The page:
How to Raise Angora Goats


Raising goats can be one of the most beneficial and rewarding activities for someone who wishes to raise livestock.

Goats have more uses than any other animal and on top of that, they have the best personalities and get into the funniest situations, even though oftentimes you must help them get out!

Raising Angora goats and other livestock in a small farm operation can be profitable and beneficial to the land. To raise Angora goats, you need to have enough land and vegetation for them to graze and browse. You will also need the correct type of fencing to keep them contained and a small amount of easy to obtain livestock equipment.

Angora goats are most well-known for the mohair type of fibers that they produce. Many of the world’s finest fabrics use mohair and the texture is very comfortable and pleasing.

Along with the production of mohair Angora goats also graze and browse land, making them perfect for clearing brush and keeping the grass down.

If you are considering raising goats, Angora goats might be the breed that best suits your needs.

We’ve made this guide to help you along the way. Please read to the end to find our resources and pro tips on raising Angora goats.

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Why Raise Angora Goats

There are some obvious benefits to raising Angora goats, but they are more tailored to what your needs are.

If you are wanting to start a small Angora goat farm, to harvest the mohair fibers then you have chosen the right breed.

The Angora goat’s primary use is their fiber. They do not produce a lot of milk so you would not use them as a milk goat. You could harvest their meat, even though they are not meat goats if, for instance, you have a goat that is not of your liking or quality and would just like to get rid of it.

Goat meat is lean and has less cholesterol than other meats, it’s a healthy alternative to other red meats.

Angora goats can make for good pets too, who doesn’t like a pet goat? They can be very entertaining!

They also graze a browse the land keeping the vegetation down and the bottom of trees trimmed.

So now that you have decided that collecting the mohair fibers from angora goats is what you are wanting to do then let’s get to the good stuff.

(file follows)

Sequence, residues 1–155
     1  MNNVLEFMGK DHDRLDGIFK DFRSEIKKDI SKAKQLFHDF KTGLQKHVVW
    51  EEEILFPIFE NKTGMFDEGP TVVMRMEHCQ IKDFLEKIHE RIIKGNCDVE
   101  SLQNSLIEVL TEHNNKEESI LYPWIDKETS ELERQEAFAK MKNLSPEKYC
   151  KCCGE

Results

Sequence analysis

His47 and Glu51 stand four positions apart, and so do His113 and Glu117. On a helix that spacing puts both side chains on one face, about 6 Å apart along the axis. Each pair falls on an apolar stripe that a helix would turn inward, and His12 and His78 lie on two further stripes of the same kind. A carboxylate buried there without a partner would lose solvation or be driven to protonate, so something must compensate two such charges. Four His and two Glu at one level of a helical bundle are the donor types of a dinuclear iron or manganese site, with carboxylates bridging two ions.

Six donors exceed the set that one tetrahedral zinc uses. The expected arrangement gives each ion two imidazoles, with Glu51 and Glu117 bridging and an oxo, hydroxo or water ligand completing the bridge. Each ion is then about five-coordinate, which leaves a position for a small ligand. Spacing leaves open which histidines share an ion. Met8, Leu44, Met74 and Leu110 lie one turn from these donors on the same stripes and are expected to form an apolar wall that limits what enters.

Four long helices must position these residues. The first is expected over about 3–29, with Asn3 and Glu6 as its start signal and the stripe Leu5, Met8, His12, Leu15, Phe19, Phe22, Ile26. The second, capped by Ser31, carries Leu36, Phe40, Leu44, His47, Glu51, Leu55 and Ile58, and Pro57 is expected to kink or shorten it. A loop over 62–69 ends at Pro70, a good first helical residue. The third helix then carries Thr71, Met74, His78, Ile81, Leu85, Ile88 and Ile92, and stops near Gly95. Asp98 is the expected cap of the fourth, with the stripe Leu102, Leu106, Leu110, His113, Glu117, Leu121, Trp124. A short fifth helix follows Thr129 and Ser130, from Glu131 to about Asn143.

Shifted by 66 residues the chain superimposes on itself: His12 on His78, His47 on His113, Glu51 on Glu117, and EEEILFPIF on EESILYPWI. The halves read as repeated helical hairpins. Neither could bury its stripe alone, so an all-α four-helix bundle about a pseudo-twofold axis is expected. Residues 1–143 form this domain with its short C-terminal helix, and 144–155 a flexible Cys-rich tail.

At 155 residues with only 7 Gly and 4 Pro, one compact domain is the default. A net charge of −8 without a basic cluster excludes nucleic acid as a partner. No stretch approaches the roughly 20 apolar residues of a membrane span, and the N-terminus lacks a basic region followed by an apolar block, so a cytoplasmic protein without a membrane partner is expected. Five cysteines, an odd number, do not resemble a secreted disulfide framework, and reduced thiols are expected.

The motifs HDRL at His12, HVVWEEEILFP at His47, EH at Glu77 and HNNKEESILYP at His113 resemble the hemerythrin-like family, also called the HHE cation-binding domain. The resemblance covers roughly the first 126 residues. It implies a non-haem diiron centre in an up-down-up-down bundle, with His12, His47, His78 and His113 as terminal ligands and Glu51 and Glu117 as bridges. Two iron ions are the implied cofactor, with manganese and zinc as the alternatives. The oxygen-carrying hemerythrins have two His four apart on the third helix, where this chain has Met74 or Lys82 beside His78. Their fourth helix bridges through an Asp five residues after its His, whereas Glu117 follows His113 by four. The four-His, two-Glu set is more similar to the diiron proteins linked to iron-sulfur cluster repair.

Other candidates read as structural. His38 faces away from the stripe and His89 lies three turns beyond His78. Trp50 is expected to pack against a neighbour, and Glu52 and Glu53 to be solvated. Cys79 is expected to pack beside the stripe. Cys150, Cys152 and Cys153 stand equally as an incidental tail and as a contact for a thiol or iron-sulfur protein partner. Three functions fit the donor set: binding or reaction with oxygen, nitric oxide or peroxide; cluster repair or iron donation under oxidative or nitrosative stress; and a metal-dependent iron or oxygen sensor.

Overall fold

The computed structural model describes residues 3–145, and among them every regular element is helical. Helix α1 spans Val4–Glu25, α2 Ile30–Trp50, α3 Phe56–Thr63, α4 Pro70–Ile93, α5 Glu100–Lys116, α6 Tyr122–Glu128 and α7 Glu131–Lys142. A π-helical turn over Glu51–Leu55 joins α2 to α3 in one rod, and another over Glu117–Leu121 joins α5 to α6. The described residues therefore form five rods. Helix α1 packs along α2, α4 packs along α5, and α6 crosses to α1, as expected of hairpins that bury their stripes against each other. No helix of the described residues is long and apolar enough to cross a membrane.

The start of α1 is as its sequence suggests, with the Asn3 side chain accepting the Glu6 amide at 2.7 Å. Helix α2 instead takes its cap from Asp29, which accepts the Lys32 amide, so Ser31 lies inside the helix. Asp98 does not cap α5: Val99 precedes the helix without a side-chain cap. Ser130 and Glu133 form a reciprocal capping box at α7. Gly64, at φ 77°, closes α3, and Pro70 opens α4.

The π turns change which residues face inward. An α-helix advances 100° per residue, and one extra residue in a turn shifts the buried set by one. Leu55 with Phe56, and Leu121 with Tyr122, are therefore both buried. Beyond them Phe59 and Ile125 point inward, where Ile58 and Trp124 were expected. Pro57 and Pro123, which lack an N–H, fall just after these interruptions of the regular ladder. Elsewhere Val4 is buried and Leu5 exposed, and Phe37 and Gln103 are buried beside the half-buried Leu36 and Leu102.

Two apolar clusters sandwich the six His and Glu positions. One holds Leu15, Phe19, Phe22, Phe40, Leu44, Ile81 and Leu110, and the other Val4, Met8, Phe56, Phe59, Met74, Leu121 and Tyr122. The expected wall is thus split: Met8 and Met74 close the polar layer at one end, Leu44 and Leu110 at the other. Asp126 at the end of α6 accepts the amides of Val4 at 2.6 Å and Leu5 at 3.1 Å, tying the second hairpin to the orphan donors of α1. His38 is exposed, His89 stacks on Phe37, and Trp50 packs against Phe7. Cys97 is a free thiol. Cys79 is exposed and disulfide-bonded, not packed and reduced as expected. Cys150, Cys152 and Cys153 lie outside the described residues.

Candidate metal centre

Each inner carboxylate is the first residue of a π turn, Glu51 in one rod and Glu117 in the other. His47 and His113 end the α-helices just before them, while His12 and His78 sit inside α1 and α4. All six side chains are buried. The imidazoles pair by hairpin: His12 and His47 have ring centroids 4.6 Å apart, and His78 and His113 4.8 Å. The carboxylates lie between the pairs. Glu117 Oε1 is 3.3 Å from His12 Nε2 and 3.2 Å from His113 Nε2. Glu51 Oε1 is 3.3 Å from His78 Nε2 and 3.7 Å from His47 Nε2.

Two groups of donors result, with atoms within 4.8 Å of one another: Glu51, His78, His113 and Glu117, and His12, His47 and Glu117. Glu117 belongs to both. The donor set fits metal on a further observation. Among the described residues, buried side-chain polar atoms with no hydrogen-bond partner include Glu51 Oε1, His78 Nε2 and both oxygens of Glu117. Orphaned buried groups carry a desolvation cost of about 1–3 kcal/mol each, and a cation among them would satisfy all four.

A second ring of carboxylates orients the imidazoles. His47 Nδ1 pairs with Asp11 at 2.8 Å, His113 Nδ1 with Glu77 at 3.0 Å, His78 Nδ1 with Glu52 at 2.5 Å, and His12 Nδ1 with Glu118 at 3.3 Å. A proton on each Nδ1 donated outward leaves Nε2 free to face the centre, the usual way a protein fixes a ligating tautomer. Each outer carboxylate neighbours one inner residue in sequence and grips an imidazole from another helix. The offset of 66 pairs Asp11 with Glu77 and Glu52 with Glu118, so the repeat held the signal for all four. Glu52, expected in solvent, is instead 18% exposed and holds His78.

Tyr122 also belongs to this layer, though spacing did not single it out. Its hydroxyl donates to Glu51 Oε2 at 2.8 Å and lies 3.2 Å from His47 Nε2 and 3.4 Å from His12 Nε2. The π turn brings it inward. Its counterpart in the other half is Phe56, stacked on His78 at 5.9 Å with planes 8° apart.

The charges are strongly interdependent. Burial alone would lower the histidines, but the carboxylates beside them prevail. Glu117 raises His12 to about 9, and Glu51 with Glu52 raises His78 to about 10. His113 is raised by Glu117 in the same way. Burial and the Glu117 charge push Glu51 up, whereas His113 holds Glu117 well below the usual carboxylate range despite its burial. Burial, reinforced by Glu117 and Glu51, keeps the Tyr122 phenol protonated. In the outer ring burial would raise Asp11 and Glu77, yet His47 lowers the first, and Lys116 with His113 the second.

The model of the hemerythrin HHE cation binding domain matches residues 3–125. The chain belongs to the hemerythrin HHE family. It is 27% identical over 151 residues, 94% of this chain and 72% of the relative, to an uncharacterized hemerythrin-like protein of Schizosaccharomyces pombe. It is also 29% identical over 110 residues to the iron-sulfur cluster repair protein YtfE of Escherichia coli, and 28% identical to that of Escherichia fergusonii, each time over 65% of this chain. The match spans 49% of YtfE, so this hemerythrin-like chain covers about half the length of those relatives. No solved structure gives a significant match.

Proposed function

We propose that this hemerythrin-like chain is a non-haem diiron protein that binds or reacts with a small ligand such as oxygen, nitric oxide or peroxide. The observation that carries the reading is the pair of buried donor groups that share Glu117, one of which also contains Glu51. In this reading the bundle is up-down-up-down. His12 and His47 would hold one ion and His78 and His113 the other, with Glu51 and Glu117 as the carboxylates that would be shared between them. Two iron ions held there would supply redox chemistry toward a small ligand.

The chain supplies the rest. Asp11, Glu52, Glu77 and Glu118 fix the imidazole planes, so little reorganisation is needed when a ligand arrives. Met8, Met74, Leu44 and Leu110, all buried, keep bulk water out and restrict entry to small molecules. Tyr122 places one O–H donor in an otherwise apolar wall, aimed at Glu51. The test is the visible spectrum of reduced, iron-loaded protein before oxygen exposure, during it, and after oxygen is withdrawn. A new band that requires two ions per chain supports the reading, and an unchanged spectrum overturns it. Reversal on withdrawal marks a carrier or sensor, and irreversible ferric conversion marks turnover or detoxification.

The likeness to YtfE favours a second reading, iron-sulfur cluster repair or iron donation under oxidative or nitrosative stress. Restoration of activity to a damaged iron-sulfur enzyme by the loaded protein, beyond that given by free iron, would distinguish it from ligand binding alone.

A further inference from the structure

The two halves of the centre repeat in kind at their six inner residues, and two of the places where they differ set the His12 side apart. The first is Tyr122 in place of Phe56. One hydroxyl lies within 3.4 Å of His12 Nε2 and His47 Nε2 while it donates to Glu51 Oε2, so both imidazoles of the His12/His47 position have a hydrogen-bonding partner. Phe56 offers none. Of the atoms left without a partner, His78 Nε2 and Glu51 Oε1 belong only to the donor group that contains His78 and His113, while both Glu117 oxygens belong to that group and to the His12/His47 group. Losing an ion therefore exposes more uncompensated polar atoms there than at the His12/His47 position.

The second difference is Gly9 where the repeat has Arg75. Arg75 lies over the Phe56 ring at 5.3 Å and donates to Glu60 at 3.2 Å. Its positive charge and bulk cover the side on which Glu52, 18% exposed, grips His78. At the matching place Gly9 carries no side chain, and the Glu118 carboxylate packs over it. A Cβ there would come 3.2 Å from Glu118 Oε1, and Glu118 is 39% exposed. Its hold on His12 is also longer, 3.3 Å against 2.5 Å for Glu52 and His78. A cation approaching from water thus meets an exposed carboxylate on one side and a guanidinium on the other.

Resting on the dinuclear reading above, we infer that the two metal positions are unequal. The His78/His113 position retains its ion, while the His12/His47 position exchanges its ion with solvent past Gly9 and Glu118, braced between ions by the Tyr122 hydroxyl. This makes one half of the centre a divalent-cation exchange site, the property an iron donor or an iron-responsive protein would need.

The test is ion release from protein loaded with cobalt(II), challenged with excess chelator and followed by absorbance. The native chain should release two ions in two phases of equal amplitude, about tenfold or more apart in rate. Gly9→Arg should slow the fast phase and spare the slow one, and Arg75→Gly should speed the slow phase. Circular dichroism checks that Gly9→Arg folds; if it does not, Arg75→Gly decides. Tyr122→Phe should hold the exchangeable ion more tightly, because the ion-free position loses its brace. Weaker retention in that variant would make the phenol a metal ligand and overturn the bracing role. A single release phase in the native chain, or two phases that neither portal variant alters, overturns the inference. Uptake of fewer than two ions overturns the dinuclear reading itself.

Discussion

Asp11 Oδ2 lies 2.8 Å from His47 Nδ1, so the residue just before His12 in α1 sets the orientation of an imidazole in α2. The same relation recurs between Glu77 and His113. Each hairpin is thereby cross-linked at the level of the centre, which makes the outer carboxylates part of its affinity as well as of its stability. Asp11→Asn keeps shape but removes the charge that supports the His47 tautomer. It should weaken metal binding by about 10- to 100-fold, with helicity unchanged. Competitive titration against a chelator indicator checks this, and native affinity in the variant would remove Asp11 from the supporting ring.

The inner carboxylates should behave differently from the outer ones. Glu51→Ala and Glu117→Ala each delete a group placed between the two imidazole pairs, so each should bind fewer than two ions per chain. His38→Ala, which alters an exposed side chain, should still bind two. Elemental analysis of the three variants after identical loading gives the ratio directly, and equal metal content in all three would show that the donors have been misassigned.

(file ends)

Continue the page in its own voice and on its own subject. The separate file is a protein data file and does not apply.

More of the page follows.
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A Few Terms to Get Familiar With

First off there are a few words and terms that you should get familiar with when raising Angora Goats.

Doe

A female goat is called a doe.

Buck

Male goats are called bucks, or billy goats.

Kidding

When goats breed it is called “kidding” and baby goats are called “kids”. Goats usually have 1-3 kids, but Angoras usually only have 1-2.

Wethers

Wethers are males who have were castrated at a young age and can be kept with the other female goats, whereas bucks need to be kept separate.

Grazing

Goats graze on grasses, and some bushes and will help keep the land you are using maintained by grazing the pastures.

Browsing

Goats also browse, meaning they clear brush and trim the vegetation off the lower parts of trees. This can be highly beneficial to the land.

Fiber Goats

Mohair is the fibers that Angoras produce, the fibers are highly sought after and are used in luxury type garments.

Meat Goats

Some goats are raised only for their meat, while Angora goats can be eaten they are primarily raised for their fibers.

Milk Goats

All goats produced milk, and some are raised solely for that purpose, however, Angora goats are mostly raised for their fibers but can be eaten.

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Raising Angora Goats